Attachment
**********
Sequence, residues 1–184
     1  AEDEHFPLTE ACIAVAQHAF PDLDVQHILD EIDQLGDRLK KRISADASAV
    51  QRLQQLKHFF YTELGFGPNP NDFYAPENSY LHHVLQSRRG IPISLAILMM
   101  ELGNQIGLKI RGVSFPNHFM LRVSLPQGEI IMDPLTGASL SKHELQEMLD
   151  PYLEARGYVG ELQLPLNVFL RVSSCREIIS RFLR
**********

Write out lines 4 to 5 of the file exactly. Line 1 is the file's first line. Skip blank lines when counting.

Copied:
   101  ELGNQIGLKI RGVSFPNHFM LRVSLPQGEI IMDPLTGASL SKHELQEMLD
   151  PYLEARGYVG ELQLPLNVFL RVSSCREIIS RFLR